Of course, after learning about two wonderful app-based projects, JiaJia Fei from the Jewish Museum in NYC gave a wonderfully contrarian and compelling argument against apps in museums! Basically, visitors to the Jewish Museum access web-served audio guides once they connect to the museum’s free WiFi — no downloads or apps. (A major limitation of the use of apps in museums is the minuscule percentage of visitors who actually are willing to download an app onto their devices.)


One of my other favorite presentations from Day 2 came from Tim Powell of the Historic Royal Palaces (HRP) in the UK. Tim shared several of the exciting ways that HRP are using an R&D approach through collaboration with artists, and by gaining audience input from the start.



I'll end my impressions of MuseumNext NYC 2018 with this image of Rolf Coppens from Grrr creative agency in Amsterdam. I think the qualities of pushing boundaries, working together, being demanding, and keeping users first were certainly captured in many of the presentations (and my takeaways) from the conference. MuseumNext was definitely not a typical museum conference, and I would encourage ExhibiTricks readers to check out a future edition near you if the opportunity arises.




You can check out additional impressions of MuseumNext NYC 2018 by searching for the hashtag #MuseumNext on Twitter, Facebook, and Instagram.


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Friday, October 26, 2018

Reasons To Be Cheerful and The Happy Museum Project


I've decided to take a little "break" from paying too much attention to the news because it makes me unhappy.

So for this post, I've decided to highlight two different museum/cultural projects that focus on the happiness and well-being of museum visitors and cultural consumers.



The Reasons To Be Cheerful website is an interactive mapped compendium of projects around the world arranged by topics such as Energy, Health, Culture, and Education. You zoom around the map to find out more about the people and groups moving projects forward to make a better world.

Worth checking out by clicking here.





As stated on the Happy Museum website, the project "supports museum practice that places wellbeing within an environmental and future-facing frame, rethinking the role that museums can play in creating more resilient people, places and planet. Through action research, academic research, peer networking and training it supports institutional and community wellbeing and resilience in the face of global challenges."

The Happy Museum website is well-stocked with resources and thoughtful findings that can provide ways of moving your institution or personal practice toward supporting institutional and community wellbeing and resilience in the face of global financial and environmental challenges.




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Thursday, October 18, 2018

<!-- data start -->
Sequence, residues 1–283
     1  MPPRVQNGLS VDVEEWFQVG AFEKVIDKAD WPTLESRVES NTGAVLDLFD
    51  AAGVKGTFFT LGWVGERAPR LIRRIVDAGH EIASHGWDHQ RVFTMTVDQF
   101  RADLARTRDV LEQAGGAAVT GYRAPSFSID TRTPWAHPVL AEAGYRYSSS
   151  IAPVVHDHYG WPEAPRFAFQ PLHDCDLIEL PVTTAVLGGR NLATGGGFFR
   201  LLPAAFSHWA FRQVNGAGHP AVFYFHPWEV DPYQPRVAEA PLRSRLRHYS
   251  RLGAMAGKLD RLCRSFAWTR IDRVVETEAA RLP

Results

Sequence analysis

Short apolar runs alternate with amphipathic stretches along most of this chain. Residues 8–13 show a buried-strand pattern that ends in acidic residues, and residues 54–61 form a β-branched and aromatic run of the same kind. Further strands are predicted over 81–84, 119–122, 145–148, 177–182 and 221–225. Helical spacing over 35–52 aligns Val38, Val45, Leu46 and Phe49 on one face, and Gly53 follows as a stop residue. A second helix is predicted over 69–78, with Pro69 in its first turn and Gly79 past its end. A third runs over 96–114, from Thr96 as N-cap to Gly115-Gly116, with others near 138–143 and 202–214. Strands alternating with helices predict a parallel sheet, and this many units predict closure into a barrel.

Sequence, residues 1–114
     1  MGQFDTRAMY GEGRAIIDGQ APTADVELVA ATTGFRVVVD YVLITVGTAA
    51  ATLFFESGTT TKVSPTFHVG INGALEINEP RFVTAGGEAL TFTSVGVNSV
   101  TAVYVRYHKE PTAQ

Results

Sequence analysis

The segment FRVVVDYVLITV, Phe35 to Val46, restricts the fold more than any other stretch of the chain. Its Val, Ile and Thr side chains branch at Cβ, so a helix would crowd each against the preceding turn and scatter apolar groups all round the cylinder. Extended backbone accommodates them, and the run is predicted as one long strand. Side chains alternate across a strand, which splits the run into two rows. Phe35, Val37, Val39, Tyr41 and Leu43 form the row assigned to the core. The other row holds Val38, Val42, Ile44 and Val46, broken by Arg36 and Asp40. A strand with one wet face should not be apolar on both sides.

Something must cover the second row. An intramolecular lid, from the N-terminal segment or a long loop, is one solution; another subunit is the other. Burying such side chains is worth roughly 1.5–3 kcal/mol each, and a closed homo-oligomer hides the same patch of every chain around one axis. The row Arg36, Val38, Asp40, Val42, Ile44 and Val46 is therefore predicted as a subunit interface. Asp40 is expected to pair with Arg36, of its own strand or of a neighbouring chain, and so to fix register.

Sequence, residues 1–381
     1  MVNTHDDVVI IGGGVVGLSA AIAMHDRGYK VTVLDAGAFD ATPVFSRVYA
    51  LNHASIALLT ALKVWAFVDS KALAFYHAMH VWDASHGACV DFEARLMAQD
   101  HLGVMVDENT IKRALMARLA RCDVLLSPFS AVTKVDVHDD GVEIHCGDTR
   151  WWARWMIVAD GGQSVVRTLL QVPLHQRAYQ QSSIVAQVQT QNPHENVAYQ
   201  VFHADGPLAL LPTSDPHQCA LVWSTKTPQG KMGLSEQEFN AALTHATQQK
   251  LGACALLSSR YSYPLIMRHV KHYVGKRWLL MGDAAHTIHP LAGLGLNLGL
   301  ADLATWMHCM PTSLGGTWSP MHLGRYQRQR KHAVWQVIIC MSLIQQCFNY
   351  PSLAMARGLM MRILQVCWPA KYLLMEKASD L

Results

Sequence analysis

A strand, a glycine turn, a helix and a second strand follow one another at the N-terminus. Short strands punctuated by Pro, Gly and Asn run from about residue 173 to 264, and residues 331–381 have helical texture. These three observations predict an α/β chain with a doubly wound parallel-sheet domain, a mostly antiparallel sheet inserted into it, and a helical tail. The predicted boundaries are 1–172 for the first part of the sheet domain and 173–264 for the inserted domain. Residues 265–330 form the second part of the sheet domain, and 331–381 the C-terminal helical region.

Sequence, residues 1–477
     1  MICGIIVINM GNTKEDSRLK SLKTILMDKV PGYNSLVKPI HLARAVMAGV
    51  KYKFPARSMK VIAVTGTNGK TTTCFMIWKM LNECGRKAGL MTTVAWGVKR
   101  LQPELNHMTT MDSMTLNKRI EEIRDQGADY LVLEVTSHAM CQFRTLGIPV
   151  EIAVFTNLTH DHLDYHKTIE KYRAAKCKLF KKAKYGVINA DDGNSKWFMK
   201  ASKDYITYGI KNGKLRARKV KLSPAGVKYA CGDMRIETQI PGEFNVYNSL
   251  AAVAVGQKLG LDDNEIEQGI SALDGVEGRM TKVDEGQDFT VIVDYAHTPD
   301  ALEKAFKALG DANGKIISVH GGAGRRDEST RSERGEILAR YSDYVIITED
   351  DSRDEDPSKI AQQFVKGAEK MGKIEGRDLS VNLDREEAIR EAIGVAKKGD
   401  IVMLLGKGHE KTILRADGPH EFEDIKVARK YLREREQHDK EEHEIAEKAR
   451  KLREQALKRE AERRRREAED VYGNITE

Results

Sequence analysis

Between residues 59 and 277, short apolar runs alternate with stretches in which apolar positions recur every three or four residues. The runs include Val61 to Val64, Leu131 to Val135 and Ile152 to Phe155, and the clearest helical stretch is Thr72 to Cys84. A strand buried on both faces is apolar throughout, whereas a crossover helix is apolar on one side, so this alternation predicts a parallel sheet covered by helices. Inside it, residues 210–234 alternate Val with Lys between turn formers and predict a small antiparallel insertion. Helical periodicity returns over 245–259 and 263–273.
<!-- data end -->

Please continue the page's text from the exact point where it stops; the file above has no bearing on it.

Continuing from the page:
Do We Need More Museum Teams or More Museum Auteurs?


I recently visited the excellent John Waters exhibition at the Baltimore Museum of Art, and as I was walking around the rest of the BMA, admiring site-specific pieces like Tomas Saraceno's "Entangled Orbits" (pictured at the top of this post) I started thinking about how exhibitions (and entire museums) get put together.

One thing I've noticed about truly unique and ground-breaking museums (like AVAM, City Museum, The Exploratorium, and Museum of Old and New Art) is that many of the most interesting things inside are the products of strong-minded individuals, not teams.  Which begs the question:

Do we need more museum teams or more museum auteurs?

It seems a lot more straightforward, if less democratic, to pursue one person's design vision than to sit through endless meetings trying to come to agreement among staff and advisors on the direction of an exhibition, or a set of exhibitions, in the case of a new museum.

Most granting agencies have essentially mandated an approach that makes all sorts of consensus-building techniques an essential part of the "creative" process --- but has this approach resulted in more interesting exhibitions and museums?

Art Museums seem more willing to turn over their galleries to individual artists for installations, usually with very good results. How can less "auteur" minded institutions like Science, History, and Children's Museums take advantage of a strong-minded individual driving the exhibit process forward, rather than the oft-venerated "Exhibits Team"? (I'd love to see Olafur Eliasson put together an exhibition at a Science Center!)

The "Creative Team" Conundrum also rears its ugly head when thinking about visitor studies and that Web 2.0 favorite, "crowdsourcing".

In the case of visitor studies, most visitors are only able to come up with variations of exhibits and exhibit themes they are already familiar with. Every museum stocked according to audience surveys would likely include a rocket ship or train, a dinosaur skeleton, and a mummy --- not bad, necessarily, but not exactly moving the exhibits field forward either.

Crowds and focus groups are notoriously bad at choosing innovations, which is why companies like Apple don't use them. Apple’s attitude is that sometimes, to truly innovate, you’ve got to go beyond giving people what they say they want. Building consensus often builds mediocre, and "safe" (rather than interesting) design decisions.

Maybe we need to bring in more "trouble makers" like Fred Wilson to shake up our staid exhibition development models. As Kathy McLean said in a previous ExhibiTricks interview, "I don't really need a lot of money or time to do my dream exhibitions ... I need organizations that are interested in presenting unusual, thought-provoking experiences."

What do you think? More museum teams or more museum auteurs? Let us know in the Comments Section below. (If you don't see the word "comment" at the very end of the post just click on the link that shows the posting time.)


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Tuesday, October 9, 2018

Discovering the Power of Podcasting at Museums: A Guest Post by Hannah Hethmon